LGBT Advocates Move Immigration Reform Forward During August Recess
SOURCE: NARAL Pro-Choice America
While members of Congress are back home for the August recess, advocates are mobilizing their constituents across the country to demand that Congress pass immigration reform with a road map to citizenship for the more than 11 million undocumented immigrants living in the United States. In March CAP chronicled the efforts of the faith community to push for sensible immigration legislation. The lesbian, gay, bisexual, and transgender, or LGBT, community has also joined business, faith, and law enforcement leaders; organized labor; the technology industry; and numerous other social-justice groups to advocate for common-sense immigration reform.
LGBT groups are organizing to support immigration reform because they believe that immigration reform is also an LGBT issue. While the Supreme Court’s June decision to repeal Section 3 of the Defense of Marriage Act, or DOMA, provided relief for LGBT binational couples, tens of thousands of LGBT immigrants are still in need of relief. A study by the Williams Institute estimates that there are more than 267,000 adults in the United States living at the intersection of two marginalized groups—the LGBT population and the undocumented population.
Fortunately, multiple organizations are continuing to work on behalf of this vulnerable group. Below are three LGBT organizations that are supporting nationwide bipartisan efforts in the fight for immigration reform.
National Center for Transgender Equality
Transgender immigrants face numerous kinds of discrimination under our nation’s current immigration system. In immigration detention facilities, for example, transgender detainees are routinely denied access to hormone treatment, subjected to abuse and discrimination from guards and fellow detainees, and often placed in solitary confinement in a misguided effort to separate them from the general detainee population and protect them from abuse.
Moreover, transgender asylum applicants also face challenges in the asylum system. For one thing, they are at risk of having their cases dismissed if they do not conform to stereotypes of how transgender people look or behave. They are also at risk of being ineligible for asylum because of the one-year filing deadline. While many people are familiar with political asylum, many individuals do not know that fear of persecution on the basis of gender identity is grounds for asylum in the United States, and they may not learn this within a year of their arrival.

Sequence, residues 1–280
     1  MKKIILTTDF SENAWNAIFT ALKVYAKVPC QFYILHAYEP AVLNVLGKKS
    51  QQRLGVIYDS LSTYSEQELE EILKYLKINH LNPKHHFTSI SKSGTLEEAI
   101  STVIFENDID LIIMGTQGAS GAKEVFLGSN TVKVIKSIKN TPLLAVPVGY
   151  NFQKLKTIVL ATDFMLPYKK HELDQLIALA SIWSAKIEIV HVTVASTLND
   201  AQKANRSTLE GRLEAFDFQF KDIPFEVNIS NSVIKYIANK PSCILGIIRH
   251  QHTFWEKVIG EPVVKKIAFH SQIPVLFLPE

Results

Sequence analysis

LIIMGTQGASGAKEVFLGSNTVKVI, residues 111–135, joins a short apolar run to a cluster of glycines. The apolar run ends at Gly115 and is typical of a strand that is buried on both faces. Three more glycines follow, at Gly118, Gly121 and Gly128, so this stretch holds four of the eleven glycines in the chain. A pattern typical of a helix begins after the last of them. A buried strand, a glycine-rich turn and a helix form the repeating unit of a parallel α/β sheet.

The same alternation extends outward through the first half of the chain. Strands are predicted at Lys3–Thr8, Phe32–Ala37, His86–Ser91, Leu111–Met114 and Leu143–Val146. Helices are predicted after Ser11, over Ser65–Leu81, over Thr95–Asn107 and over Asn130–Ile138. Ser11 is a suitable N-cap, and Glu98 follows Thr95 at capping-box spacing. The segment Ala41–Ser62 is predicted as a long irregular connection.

In light of the mistreatment of transgender immigrants, the National Center for Transgender Equality, or NCTE, listed immigration reform as one of its “13 Goals for 2013.” NCTE is also publishing a report on transgender people’s experiences in immigration enforcement to illustrate why immigration reform is critical for the community. When asked why NCTE is prioritizing immigration reform, Jessica Jeanty, a postgraduate law fellow with NCTE, replied:
Trans people are disproportionately impacted by problems with the immigration system, ranging from access to asylum to profiling in enforcement. There is a tremendous amount of discrimination and violence in the system. A pathway to citizenship is important because trans citizens and non-citizens alike need to be able to work, care for their families, and have basic protections so they can live decent lives.
As part of NCTE’s focus on immigration reform, it joined with other transgender service and advocacy organizations in a statement of principles to support common-sense immigration reform. The organization also brought more than 100 people to Capitol Hill in June to advocate for immigration reform and the Employment Non-Discrimination Act, a bill that would prohibit employment discrimination on the basis of sexual orientation and gender identity.
To facilitate the mobilization of its members and allies during the August recess, NCTE launched an August Recess Action Center to give members the tools they need to actively support immigration reform. These tools include tips for scheduling meetings with members of Congress, as well as an interactive map to find local town halls so that NCTE members can ask their senators and representatives to protect transgender people in the workplace and reform our broken immigration system. The action center also has a submission form for people to share stories of transgender immigrants impacted by immigration law on account of their gender identity. The personal and often-painful stories put a face to the issue and drive home the need for reform among policymakers and their constituents.